7 ways to improve your resume and cover letter
How to Write a Resume and Cover Letter That Will Get You An Interview
You might be the most qualified applicant in the world and perfect for the position you are applying for, but, unless your resume and cover letter tell that story to the employer, you'll never get the chance to even interview for the job. Here are a few ideas that we've given in the past to improve a resume:
- Short and Sweet - Your resume should be 1 page long (1 page for every 10 year). If you've been working for more than 10 years, then maybe you can extend it to a second page (production resumes are excluded from this rule). If your resume is longer than 2 pages, know that the employer will probably never read past the first page and might not even bother with the resume altogether.
- Pretend You Are The Employer - Try not to read the resume like the applicant - pretend you are the employer hiring for the position. Most importantly: does the resume match the given job? The “jack of all trades” resumes don’t play well - have a resume focused for the area that you are applying to. For many of you, that means you will have 2 or more versions of your resume. Remember, the employer is checking off job requirements in their head as they read your resume. You see what they are interested in so reverse engineer to make yourself the ideal candidate.
- Have Your Resume Reviewed - We recommend getting 3 working professionals, in the area that you are pursuing, to review your resume (this is a good use of your network - or a good networking tool by asking people to give advice on a resume). It is best to choose friends of friends as they will likely be more honest with feedback. Loved ones typically don't give us the most honest feedback.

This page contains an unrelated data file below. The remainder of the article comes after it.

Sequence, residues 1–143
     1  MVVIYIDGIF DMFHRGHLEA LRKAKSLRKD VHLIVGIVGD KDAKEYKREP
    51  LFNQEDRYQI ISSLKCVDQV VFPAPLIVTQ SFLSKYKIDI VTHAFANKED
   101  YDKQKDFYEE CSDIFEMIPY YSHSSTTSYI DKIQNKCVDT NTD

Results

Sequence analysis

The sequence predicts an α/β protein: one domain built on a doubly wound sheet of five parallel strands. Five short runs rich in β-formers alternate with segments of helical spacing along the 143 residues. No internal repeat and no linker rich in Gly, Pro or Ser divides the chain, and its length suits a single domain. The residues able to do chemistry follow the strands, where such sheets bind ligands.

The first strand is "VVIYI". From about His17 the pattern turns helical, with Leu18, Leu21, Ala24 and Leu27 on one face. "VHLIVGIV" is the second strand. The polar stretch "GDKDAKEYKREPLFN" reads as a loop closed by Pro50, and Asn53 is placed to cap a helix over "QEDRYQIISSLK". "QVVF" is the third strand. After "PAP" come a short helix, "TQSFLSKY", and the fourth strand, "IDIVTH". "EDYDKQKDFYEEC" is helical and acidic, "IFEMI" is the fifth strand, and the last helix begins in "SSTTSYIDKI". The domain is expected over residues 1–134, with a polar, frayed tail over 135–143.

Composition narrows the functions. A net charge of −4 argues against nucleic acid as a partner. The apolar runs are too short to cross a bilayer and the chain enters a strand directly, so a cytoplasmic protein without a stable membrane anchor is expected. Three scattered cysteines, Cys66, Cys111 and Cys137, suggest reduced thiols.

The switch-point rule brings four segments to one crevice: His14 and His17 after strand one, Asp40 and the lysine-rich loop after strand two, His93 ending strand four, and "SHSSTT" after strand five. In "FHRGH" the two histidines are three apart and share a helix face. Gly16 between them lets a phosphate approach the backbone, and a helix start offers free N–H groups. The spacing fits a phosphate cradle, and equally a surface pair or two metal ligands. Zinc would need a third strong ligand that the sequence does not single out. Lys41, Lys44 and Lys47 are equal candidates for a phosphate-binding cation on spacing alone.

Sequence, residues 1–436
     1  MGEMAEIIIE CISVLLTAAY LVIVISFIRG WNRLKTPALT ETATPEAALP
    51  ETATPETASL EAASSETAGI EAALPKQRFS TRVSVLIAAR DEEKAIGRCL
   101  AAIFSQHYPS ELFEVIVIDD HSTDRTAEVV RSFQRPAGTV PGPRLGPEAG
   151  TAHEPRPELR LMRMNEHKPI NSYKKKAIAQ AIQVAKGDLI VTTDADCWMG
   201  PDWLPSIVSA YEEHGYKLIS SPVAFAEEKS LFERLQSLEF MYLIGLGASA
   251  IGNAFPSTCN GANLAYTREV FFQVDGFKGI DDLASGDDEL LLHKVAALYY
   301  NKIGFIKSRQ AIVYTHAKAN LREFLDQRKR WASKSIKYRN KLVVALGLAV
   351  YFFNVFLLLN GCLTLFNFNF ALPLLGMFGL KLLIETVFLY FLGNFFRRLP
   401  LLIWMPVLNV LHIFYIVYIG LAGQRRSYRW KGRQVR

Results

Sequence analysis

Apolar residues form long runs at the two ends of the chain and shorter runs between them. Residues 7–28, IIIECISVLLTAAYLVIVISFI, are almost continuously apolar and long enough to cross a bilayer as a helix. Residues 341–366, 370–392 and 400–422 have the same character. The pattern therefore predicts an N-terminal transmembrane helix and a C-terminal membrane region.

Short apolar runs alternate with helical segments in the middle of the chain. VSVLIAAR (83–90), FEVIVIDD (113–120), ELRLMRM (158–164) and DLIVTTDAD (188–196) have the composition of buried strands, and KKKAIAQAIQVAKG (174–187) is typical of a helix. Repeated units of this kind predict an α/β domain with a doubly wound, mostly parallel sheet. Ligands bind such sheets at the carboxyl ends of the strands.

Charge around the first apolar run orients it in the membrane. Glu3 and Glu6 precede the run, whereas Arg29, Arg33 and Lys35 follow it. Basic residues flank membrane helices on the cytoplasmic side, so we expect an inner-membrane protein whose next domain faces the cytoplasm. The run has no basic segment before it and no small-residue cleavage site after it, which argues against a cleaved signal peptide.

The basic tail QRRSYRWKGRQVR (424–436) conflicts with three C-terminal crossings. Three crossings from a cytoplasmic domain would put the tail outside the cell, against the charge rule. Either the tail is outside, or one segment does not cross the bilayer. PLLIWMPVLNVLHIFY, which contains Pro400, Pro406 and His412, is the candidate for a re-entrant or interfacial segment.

- Don't Use A Photo - Unless you are applying for an on-camera position, don't put your photo in the resume. Regardless of what you look like; it's seen as unprofessional in the recruiting world and you will only be hurting yourself when you include one.
- Use Standard Fonts - Unless you use a standard font, the employer won't see the same document on their computer. Bottom line: Use Arial, Times New Roman, Verdana, or Georgia. PC's don't have Helvetica so those on a Mac should avoid those fonts.
- Use Microsoft Word and don't use columns - Again, so the employer sees what you created, you should use Microsoft Word. Any of the alternatives (Mac Pages, Google Docs etc.) just are not the industry standard. PDF have their own problems depending on how the PDF was created. Note: If you are using Pages, you can export a Word file but remember that it doesn't always match your original Pages file exactly. In many cases a computer will be "reading" your resume and so to be safe use a Word document and don't use columns.
- If It Isn’t Working, Then Change It - We all know the old adage "If it ain't broke, then don't fix it." Well, the reverse can be true too. If you are applying to jobs that you are qualified for and aren't getting any responses, then you should look at changing your resume and cover letter. Remember, the resume and cover letter are all that you have to communicate to a complete stranger that they should hire you. If you are 0 for 20 using your standard resume, then it's not a problem with the employer, it is a problem with your resume and/or cover letter.